Minnesota man’s kidney donation to a stranger helped national registry hit a milestone

A Minnesota man who donated a kidney to save another person’s life also set a record in the process. Ben Rengstrof is a high school teacher with a mission, which started with a lesson learned after his father received a lung transplant two years ago.

“A kidney donation really isn’t that invasive of a surgery,” said Rengstrof. “And so I decided I had to do it.”

With the kidney donation, Rengstrof became an altruistic donor. He didn’t know the person receiving his kidney. He also didn’t know that he was making history.

“It was the 5,000th kidney to be a part of the chain donation around the country through the kidney donation registry,” Rengstrof said.

Mayo Clinic’s Dr. Mikel Prieto performed the surgery. He says Rengstrof’s donation is not just a milestone, it’s part of a lifesaving trend.

“Every week we are doing several of these kidneys where we actually take a kidney from a donor here,” said Mayo Clinic transplant surgeon Dr. Michael Prieto. “But instead of transplanting that kidney into their loved one, they can get shipped to a place so that a better recipient is a better candidate for that kidney. And then we get a kidney back from another transplant center to transplant into our patient.”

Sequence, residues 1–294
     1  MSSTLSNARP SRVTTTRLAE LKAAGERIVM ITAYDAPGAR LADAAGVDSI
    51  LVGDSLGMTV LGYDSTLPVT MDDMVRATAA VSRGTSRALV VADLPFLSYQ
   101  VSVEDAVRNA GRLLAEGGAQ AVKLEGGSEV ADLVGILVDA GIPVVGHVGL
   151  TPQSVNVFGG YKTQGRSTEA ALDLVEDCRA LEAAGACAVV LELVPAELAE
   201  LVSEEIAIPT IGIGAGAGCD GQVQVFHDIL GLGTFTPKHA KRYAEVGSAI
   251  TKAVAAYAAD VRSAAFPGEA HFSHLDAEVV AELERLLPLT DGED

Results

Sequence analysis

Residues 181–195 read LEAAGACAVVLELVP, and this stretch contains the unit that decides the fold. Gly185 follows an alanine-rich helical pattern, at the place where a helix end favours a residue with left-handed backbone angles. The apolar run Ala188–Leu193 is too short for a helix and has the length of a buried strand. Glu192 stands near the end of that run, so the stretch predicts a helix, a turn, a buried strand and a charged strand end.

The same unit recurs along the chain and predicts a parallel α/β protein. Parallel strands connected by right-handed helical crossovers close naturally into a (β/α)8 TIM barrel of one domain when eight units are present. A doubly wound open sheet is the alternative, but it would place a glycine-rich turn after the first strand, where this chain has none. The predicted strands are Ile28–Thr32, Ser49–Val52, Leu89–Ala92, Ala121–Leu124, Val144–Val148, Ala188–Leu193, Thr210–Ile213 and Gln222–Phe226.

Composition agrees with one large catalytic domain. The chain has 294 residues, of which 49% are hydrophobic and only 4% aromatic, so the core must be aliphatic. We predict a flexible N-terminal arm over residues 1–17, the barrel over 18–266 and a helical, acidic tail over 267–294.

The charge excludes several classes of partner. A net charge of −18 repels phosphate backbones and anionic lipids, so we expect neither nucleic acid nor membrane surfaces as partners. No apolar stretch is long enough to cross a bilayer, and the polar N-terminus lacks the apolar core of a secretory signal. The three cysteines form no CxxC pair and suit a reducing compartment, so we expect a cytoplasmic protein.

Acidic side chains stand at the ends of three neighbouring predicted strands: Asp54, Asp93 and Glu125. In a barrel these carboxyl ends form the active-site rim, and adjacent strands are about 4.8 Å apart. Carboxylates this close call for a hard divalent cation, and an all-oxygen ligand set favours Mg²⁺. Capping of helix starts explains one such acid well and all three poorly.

In Rengstrof’s case, a woman in her 40s received his kidney at the UCLA Medical Center.

Bethany Nolt was Rengstrof’s surgical recovery coordinator at LifeSource. She says kidney donors easily live with their one remaining kidney.

“Your life may not feel a lot different afterward, but that recipient’s life has changed,” said Nolt. “Substantially forever. No more dialysis every day.”

“It’s one of the greatest gifts that any human being can do for somebody else,” added Dr. Prieto.

As for Rengstrof, he’s in full recovery. He hopes others will consider walking the same path. “I definitely want other people to know how accessible and possible it is.”

Dr. Prieto at Mayo Clinic says they perform about 270 kidney transplant operations a year at the Rochester campus, but the need is great. Bethany Nolt says 2,000 Minnesotans are currently waiting for a kidney.

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